Much is made in the media about the sources of energy we will use in the future. For a number of reasons, many assume that fossil fuel use will decline over the course of time. The reasons people give for the decline of fossil fuels very. Some believe their decline will be due to their limited availability. Predictions for this decline in fossil fuel availability—such as the Peak Oil theory—have generally been exaggerated in the past, but it is still possible that a limited availability of fossil fuels will begin to impact their viability as fuel sources in the future.
Another reason many give for a predicted decline in the use of fossil fuels is the emergence of renewable energy. Technological advancements in renewable energy are being worked on and made on a daily basis. More and more individuals, businesses and investors are considering the potential of renewables as having a more significant presence in the energy sector. But just how much of an impact have they already made? Here is a look at a few renewable energy sources and their current use in the United States.
Solar power is seen by many all over the world as a viable energy source of the future. Countries like Germany and Portugal are able to generate significant percentages of their power on a daily basis from solar power. But solar success for other countries has come with a national commitment and investment in the technology. The United States has not as of yet seen such a significant commitment per capita. In the U.S., about 0.6% of its electricity in 2015 came from solar power. Despite this seemingly small percentage, there is no doubt that the use of solar power has increased in recent years on multiple levels. More than ever, individual homeowners have been able to incorporate solar power generation into their home energy systems. In the Florida area, homeowners interested in solar power investments should investigate solar companies in Orlando and other areas to see if it may be an option for them.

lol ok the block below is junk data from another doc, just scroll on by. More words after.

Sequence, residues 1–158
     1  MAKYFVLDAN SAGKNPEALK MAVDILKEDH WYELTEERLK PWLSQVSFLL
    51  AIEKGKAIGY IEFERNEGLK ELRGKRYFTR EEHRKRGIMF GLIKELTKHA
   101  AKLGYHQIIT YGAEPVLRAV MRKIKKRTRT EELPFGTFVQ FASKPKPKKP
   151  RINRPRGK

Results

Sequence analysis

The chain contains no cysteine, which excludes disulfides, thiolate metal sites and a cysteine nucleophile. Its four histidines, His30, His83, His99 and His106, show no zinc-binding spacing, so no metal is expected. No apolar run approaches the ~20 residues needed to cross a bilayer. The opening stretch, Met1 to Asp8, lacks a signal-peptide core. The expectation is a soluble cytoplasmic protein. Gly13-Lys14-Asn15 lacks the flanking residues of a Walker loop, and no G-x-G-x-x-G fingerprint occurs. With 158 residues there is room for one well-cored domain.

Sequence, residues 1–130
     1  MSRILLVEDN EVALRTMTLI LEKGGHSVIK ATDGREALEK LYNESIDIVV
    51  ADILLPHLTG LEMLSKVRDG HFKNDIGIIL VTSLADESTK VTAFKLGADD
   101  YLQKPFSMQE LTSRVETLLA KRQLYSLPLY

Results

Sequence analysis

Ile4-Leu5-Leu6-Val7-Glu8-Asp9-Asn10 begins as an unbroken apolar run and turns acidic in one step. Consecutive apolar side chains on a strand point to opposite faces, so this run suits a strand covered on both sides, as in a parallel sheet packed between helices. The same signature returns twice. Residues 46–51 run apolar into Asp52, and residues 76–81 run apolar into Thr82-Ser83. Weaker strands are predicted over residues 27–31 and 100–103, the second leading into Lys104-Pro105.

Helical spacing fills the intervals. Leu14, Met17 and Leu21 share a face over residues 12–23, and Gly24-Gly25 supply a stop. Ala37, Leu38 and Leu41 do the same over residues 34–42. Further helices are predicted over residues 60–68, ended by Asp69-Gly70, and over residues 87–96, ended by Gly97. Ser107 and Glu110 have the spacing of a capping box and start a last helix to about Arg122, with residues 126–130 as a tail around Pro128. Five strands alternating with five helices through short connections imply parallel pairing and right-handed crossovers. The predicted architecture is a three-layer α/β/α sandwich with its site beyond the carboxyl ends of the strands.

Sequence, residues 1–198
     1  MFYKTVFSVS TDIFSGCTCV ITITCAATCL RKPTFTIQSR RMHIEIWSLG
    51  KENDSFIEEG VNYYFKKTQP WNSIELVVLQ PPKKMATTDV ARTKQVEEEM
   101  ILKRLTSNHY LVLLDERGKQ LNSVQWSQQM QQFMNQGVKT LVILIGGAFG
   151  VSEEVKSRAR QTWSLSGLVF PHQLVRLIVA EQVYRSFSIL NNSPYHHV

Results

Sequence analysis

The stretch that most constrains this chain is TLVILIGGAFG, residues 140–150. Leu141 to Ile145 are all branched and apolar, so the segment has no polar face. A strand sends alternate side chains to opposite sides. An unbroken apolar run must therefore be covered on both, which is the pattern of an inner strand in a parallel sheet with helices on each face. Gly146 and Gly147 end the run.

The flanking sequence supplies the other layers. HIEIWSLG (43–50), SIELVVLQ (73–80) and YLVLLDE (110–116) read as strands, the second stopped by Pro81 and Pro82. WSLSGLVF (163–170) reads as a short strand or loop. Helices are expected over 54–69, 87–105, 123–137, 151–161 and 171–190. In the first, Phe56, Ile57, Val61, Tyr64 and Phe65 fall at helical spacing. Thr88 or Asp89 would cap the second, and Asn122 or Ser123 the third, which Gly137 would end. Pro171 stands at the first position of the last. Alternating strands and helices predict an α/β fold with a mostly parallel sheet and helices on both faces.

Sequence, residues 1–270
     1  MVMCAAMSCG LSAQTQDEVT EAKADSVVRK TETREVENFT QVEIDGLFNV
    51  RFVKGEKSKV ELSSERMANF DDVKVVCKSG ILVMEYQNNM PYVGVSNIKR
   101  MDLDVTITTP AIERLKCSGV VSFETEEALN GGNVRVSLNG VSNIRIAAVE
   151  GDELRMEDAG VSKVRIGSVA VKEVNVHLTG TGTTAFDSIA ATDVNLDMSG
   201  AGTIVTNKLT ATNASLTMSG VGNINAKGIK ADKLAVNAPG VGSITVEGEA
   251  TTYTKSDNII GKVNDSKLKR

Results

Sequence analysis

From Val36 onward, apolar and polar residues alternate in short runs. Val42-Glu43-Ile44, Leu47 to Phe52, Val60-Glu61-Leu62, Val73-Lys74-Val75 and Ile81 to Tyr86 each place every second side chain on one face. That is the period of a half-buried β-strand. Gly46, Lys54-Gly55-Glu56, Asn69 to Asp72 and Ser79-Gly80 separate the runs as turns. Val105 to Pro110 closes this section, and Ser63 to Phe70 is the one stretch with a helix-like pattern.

By some measures wind power has had the most success in the United States of all the sources of renewable energy. Wind power accounted for 4.7% of the electricity generated in the country in 2015. Like solar power, the success of wind power is obviously dependent on the surrounding environment—in the case of wind, the amount of wind in a given area. Anyone who has driven by one of the wind farms in the United States understands that these wind farms can be an impressive sight. Like solar power, wind generation has also been successful on smaller scales, with some individuals and communities successfully deriving some of their energy needs from windmills and wind power.
Hydropower doesn’t always receive as much attention as a renewable energy source of the future as do solar and wind, but hydropower currently accounts for a greater percentage of our country’s electricity generation than any other completely renewable resource. In 2015 hydropower accounted for 6% of U.S. electricity.